Pronounced”Gallé” in Sinhalese and”Gaulle” in English, it’s the most charming city on the island! The Portuguese began the building of the fort in the 16th century, the Dutch expanded it by constructing the ramparts from the 17th century. Then, under the British occupation, the port of Wales became the most important of the nation. Today, the old city of Wales and its fortifications are listed as a UNESCO World Heritage Site. Churches, mosques, and Buddhist temples bear witness to the different communities living in Wales. From the picturesque alleyways, cafés, restaurants, and stores follow one another one of the colonial buildings.
In the extreme north of the island, the Jaffna Peninsula is the heart of Sri Lankan Tamil culture. Cut off through years of civil war, the area is slowly opening up to tourism. Jaffna plunges you into another Sri Lanka. “Authentic” is the term that comes up most frequently from the mouths of travelers to Jaffna.
10- Nuwara Eliya
Are we in Sri Lanka? That’s the question we ask ourselves after we get to Nuwara Eliya. The maximum city of the island (1900 m) is in reality a high elevation station created at the end of the 19th century by His Majesty’s lands so as to escape the heat of the plains. The town benefits not from the tropical climate within the entire island, but from a more clement microclimate unique to this area. Here, no longer beaches, temples, and dinosaurs, but instead tea plantations, British architectural design, and golf courses.
11- Da Walawe
Credit: Uda Walawe
Situated in the southeast of the mountainous region, Uda Walawe is one of the key natural parks around the island. Centered around a man-made lake, the park is known for its large number of elephants; there are about 500 of them. Aside from the elephants, birdwatchers will have the ability to observe many species and varieties of birds.
Along with Uda Walawe, Yala National Park is among the island’s major organic parks. Found in the southwest of the island near Tissamaharama, Yala is home to a very diverse fauna. Onboard a jeep, you can observe reptiles (crocodiles, lizards, snakes), elephants, deer, peacocks, birds of prey, tens of thousands of birds, and if you’re lucky you may encounter a bear or a leopard.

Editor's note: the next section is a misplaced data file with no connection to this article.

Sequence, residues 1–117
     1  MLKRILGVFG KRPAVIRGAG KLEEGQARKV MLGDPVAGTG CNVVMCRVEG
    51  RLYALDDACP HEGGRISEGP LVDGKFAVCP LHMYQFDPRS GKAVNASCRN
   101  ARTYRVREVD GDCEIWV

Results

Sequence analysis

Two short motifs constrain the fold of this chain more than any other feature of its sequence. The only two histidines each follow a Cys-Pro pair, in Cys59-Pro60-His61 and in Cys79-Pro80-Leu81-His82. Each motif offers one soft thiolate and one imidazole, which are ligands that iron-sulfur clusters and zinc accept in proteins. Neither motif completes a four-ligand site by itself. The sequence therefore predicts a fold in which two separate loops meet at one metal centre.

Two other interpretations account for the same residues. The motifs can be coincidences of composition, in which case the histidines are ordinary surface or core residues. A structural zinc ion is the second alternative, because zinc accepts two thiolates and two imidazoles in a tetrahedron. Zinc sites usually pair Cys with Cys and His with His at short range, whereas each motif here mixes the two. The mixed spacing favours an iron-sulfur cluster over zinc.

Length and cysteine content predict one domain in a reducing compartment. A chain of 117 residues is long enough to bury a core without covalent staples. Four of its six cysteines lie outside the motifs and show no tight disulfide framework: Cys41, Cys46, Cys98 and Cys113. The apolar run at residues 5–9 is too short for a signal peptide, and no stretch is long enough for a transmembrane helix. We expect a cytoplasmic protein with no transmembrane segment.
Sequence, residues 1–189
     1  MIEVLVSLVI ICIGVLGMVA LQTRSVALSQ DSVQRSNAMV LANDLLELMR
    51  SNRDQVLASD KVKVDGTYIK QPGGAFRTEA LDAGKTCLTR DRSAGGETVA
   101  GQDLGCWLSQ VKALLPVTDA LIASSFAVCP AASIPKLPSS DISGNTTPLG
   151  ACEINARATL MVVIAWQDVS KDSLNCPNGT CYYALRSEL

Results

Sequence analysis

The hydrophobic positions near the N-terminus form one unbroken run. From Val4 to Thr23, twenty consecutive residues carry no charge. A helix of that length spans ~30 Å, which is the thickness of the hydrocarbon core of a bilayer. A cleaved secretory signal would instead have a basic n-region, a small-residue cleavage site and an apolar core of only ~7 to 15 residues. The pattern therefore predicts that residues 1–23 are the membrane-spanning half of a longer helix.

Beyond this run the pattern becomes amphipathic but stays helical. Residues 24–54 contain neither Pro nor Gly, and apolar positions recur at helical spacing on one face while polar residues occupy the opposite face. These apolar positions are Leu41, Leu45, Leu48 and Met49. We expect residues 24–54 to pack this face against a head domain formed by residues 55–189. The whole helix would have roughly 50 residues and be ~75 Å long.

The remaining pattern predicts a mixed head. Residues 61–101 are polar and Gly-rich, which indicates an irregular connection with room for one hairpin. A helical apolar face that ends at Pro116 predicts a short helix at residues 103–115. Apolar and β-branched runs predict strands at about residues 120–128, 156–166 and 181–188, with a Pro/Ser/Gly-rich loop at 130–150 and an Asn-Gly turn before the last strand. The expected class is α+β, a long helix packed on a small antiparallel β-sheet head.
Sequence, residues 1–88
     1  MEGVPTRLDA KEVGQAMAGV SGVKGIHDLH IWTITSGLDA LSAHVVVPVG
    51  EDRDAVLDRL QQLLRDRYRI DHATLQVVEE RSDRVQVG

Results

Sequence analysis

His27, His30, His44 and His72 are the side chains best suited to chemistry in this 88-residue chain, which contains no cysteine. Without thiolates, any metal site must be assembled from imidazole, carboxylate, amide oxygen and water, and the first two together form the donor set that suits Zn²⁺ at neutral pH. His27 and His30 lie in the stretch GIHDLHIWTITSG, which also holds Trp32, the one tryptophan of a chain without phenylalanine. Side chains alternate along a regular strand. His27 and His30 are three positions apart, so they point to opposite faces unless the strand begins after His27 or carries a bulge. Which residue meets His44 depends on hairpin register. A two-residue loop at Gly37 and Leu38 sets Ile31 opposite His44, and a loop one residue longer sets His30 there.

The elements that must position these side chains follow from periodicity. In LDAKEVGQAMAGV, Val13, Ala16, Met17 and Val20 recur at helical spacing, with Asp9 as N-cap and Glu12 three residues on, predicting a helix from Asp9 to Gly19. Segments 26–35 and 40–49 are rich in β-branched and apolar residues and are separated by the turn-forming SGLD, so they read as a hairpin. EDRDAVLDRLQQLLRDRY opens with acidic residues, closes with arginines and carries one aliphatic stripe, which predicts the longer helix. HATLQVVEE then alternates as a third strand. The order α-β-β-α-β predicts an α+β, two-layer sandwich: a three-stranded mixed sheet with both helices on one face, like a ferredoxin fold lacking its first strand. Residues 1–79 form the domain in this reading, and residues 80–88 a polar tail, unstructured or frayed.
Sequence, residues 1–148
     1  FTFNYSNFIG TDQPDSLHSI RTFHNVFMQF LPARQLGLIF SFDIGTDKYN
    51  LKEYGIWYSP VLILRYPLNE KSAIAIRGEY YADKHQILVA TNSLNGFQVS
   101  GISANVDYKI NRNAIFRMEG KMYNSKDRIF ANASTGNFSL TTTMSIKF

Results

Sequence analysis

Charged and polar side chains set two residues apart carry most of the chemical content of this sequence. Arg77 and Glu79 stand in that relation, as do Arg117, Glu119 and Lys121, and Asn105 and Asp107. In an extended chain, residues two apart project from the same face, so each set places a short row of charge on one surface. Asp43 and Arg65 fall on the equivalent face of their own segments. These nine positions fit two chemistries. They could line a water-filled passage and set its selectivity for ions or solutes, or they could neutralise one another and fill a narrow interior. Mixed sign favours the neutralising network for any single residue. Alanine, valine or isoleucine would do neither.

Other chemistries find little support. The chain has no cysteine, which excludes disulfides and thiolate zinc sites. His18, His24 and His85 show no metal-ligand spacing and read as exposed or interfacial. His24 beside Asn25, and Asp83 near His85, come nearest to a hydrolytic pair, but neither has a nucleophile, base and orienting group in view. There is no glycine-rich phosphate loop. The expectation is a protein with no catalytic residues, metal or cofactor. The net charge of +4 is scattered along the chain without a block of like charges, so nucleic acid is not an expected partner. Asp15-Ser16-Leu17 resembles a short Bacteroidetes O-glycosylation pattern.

13- Les plages du Sud
Credit: Les plages de Sud
The south of the island is well known for its superb white sandy beaches hemmed with coconut palms overlooking the Indian Ocean. By Galle to Tangalle, the air differs based on your desires. Unawatuna, only next to Galle, has the advantage of offering a wide selection of accommodation, and permits you to remain at the beach when visiting the Galle Fort in a tuk-tuk! The huge bay of Weligama is well known to surfers, it’s also here that the famous fishermen perched on stilts are available.
14- The tea area
The atmosphere of this Sri Lankan highlands contrasts with the rest of the nation. In this mountainous region, the landscapes are a combination of waterfalls, tea plantations, and tropical woods. Due to its temperate climate, the British developed tea.
On the east coast of Sri Lanka, Trincomalee, nicknamed Trinco, is famed for its beautiful coastline and long white sandy beaches. This historic port has suffered greatly as a consequence of the civil war and the devastating tsunami. Recently, tourism has revitalized the area and travelers are flocking to the region more and more every year. In the city center, have a tour of Fort Frederick, built by the Portuguese in the early 17th century.
When to visit Sri Lanka?
The high season is from January to April. The climate is somewhat complicated because of the topography of the country, but even if you come during the monsoon, it does not rain all day long. The showers are heavy, but short-lasting. Also, there’ll always be a part of the island which will be sunny in this season.
Be careful, if you mean to visit the mountainous regions, don’t forget to have a hot piece of clothing, because it is usually humid and cool there.